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-filter.txt: Linux Socket Filtering
-Written by: Jay Schulist <email@example.com>
- Linux Socket Filtering is derived from the Berkeley
-Packet Filter. There are some distinct differences between
-the BSD and Linux Kernel Filtering.
-Linux Socket Filtering (LSF) allows a user-space program to
-attach a filter onto any socket and allow or disallow certain
-types of data to come through the socket. LSF follows exactly
-the same filter code structure as the BSD Berkeley Packet Filter
-(BPF), so referring to the BSD bpf.4 manpage is very helpful in
-LSF is much simpler than BPF. One does not have to worry about
-devices or anything like that. You simply create your filter
-code, send it to the kernel via the SO_ATTACH_FILTER ioctl and
-if your filter code passes the kernel check on it, you then
-immediately begin filtering data on that socket.
-You can also detach filters from your socket via the
-SO_DETACH_FILTER ioctl. This will probably not be used much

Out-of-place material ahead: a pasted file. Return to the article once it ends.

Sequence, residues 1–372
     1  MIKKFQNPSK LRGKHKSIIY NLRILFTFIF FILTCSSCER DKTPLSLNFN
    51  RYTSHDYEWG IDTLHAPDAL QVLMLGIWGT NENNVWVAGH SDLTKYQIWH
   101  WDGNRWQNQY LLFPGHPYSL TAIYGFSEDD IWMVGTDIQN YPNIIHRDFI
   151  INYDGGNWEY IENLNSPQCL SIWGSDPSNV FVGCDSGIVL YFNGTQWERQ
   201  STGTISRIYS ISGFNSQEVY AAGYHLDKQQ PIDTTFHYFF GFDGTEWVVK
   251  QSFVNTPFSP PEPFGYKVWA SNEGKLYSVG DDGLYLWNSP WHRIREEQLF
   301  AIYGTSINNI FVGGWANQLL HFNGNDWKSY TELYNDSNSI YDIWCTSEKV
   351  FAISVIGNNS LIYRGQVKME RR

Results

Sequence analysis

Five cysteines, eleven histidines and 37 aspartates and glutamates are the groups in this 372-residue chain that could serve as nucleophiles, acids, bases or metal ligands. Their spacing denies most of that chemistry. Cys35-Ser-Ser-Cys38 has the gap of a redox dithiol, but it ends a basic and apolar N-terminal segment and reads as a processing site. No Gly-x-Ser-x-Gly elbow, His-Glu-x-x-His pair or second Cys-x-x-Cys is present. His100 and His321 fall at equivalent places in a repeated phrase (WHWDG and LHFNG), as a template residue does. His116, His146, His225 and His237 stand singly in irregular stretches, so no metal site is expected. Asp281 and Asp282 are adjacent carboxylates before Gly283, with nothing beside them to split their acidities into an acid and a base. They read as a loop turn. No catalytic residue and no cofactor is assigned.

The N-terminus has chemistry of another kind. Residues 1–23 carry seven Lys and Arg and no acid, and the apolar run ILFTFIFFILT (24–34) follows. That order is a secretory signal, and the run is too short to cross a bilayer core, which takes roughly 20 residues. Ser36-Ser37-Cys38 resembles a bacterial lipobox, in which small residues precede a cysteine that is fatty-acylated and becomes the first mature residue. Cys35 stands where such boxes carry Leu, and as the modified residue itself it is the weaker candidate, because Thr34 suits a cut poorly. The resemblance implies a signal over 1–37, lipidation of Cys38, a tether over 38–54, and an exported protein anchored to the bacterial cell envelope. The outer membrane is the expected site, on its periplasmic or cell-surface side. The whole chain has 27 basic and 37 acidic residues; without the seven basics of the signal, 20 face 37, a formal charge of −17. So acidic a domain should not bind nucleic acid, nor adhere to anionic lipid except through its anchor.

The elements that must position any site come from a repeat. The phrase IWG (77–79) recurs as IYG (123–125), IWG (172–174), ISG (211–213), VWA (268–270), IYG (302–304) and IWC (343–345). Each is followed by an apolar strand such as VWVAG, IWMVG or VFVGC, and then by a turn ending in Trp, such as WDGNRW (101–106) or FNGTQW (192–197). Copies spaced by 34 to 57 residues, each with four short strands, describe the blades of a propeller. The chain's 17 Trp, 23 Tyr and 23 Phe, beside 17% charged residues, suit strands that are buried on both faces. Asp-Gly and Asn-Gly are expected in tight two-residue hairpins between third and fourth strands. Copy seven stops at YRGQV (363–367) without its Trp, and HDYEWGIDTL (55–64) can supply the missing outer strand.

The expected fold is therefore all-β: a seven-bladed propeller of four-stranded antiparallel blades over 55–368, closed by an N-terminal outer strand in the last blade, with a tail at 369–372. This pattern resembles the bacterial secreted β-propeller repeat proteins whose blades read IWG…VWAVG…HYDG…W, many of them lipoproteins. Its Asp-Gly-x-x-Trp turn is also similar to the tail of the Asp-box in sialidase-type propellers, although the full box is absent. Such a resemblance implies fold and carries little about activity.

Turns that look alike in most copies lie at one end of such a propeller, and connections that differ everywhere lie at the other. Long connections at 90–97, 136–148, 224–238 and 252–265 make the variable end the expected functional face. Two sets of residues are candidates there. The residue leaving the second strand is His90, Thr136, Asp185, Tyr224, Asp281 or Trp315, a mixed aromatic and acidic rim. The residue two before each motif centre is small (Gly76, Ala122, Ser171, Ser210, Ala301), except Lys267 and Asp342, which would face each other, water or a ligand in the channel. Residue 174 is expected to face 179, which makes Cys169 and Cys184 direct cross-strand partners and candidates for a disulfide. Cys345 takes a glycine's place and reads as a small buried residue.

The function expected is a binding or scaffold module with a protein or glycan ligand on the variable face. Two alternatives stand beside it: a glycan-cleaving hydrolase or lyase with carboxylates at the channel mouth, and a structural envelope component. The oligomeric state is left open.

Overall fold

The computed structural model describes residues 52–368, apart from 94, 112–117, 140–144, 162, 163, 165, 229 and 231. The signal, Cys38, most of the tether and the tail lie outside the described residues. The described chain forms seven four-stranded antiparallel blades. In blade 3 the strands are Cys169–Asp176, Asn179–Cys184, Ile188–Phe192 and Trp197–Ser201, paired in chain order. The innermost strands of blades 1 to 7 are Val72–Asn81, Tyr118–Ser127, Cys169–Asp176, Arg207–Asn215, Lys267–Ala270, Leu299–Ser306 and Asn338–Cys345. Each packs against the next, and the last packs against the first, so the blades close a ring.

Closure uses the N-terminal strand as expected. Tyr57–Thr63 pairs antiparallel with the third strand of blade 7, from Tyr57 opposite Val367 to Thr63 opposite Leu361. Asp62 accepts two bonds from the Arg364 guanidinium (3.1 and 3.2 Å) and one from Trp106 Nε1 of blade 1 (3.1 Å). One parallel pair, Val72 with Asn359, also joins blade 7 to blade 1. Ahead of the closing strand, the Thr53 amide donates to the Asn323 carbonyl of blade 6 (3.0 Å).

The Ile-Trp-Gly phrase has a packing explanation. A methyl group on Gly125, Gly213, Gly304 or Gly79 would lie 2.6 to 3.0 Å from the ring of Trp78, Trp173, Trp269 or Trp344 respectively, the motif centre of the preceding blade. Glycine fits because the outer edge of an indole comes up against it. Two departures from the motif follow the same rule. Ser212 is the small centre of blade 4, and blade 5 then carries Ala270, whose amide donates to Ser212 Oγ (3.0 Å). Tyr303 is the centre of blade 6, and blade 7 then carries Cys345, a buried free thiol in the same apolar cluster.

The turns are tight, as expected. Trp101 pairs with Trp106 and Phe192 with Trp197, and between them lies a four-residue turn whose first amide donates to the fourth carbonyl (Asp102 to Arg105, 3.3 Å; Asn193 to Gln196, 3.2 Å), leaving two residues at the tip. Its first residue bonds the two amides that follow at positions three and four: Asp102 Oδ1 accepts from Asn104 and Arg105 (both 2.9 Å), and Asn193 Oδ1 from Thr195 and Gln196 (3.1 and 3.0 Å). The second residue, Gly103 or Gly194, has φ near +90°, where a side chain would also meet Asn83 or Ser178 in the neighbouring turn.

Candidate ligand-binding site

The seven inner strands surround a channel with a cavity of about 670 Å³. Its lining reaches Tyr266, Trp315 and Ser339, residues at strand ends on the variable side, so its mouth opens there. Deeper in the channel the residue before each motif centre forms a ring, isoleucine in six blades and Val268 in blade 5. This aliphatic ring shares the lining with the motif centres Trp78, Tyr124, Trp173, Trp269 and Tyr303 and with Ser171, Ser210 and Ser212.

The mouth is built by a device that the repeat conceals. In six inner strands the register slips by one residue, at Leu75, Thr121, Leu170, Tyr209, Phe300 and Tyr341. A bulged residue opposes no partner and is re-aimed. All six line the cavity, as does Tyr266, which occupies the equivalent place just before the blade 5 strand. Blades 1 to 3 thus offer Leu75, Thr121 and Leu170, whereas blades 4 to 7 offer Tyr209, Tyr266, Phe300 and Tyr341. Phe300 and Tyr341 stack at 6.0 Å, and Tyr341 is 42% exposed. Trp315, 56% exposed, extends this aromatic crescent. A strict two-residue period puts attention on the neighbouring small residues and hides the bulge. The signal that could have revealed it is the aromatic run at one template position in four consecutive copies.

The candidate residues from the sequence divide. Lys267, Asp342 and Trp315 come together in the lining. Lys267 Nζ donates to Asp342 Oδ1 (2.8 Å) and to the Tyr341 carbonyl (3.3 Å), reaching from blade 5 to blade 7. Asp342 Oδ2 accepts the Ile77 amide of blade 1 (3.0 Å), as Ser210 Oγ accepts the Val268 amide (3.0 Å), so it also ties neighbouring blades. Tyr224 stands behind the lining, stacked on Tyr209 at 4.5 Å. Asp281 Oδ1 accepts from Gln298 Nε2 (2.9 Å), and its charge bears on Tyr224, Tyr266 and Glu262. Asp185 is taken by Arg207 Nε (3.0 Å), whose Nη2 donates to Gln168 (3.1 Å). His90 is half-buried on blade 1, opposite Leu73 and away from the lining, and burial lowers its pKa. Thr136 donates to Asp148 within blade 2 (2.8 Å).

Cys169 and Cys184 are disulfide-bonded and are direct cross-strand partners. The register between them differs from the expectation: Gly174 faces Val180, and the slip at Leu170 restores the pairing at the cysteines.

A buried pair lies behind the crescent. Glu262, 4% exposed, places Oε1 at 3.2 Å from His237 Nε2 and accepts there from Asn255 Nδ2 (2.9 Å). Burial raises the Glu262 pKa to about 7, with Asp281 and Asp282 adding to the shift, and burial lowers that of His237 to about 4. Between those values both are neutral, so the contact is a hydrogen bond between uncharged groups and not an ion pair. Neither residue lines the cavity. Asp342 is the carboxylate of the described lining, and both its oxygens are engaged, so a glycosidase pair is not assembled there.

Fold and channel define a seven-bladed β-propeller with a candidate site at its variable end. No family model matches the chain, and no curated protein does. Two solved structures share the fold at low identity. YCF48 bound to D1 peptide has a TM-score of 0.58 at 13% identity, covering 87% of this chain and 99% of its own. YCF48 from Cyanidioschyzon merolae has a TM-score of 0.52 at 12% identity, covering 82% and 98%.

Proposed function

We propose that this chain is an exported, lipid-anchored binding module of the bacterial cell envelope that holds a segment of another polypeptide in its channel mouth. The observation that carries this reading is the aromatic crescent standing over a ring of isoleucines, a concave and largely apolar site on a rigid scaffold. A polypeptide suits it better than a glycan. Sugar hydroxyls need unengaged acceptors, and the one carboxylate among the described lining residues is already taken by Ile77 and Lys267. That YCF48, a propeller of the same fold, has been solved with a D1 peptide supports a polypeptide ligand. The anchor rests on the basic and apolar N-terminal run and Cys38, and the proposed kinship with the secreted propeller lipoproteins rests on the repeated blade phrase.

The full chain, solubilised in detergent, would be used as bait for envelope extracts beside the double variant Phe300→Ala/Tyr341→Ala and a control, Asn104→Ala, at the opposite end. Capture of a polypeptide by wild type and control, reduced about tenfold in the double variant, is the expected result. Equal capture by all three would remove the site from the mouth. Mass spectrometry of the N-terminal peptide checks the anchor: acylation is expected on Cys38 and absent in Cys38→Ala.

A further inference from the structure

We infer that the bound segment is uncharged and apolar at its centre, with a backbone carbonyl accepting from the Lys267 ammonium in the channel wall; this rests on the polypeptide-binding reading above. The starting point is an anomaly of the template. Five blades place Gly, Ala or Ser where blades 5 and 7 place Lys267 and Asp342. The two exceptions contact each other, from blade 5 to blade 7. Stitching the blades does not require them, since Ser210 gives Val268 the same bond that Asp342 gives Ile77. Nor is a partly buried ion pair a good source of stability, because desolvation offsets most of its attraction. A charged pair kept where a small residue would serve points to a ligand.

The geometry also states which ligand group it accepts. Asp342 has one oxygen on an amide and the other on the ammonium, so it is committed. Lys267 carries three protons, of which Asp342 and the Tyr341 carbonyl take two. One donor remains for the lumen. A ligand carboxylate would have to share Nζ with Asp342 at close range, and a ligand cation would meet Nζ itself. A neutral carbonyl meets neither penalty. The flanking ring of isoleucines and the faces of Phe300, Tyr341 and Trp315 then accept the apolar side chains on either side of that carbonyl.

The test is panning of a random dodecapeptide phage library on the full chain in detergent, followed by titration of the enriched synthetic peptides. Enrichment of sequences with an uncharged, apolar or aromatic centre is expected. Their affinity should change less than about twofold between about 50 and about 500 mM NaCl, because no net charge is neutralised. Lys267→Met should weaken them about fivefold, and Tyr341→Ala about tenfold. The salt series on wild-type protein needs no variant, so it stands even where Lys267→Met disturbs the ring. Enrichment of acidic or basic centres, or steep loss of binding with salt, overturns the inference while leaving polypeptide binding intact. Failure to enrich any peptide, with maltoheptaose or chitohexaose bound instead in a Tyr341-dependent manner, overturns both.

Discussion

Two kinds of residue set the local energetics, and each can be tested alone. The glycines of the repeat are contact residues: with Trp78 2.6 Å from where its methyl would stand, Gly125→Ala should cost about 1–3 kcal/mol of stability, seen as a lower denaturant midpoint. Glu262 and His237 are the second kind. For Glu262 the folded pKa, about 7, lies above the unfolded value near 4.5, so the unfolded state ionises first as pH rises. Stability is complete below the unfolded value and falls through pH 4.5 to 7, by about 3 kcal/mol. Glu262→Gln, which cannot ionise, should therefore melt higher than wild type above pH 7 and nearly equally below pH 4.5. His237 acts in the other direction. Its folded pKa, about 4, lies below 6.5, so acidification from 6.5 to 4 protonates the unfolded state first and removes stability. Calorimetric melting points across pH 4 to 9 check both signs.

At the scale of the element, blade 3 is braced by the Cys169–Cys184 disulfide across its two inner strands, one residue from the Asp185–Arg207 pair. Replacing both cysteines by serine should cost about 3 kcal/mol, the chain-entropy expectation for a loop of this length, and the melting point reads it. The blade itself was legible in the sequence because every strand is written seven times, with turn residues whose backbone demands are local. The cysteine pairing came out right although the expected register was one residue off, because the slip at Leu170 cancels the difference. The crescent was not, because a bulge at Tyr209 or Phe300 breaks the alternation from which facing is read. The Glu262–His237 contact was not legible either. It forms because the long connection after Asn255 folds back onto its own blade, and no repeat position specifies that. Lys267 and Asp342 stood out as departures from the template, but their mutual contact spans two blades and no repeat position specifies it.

-since when you close a socket that has a filter on it the
-filter is automagically removed. The other less common case
-may be adding a different filter on the same socket where you had another
-filter that is still running: the kernel takes care of removing
-the old one and placing your new one in its place, assuming your
-filter has passed the checks, otherwise if it fails the old filter
-will remain on that socket.
-setsockopt(sockfd, SOL_SOCKET, SO_ATTACH_FILTER, &Filter, sizeof(Filter));
-setsockopt(sockfd, SOL_SOCKET, SO_DETACH_FILTER, &value, sizeof(value));
-See the BSD bpf.4 manpage and the BSD Packet Filter paper written by
-Steven McCanne and Van Jacobson of Lawrence Berkeley Laboratory.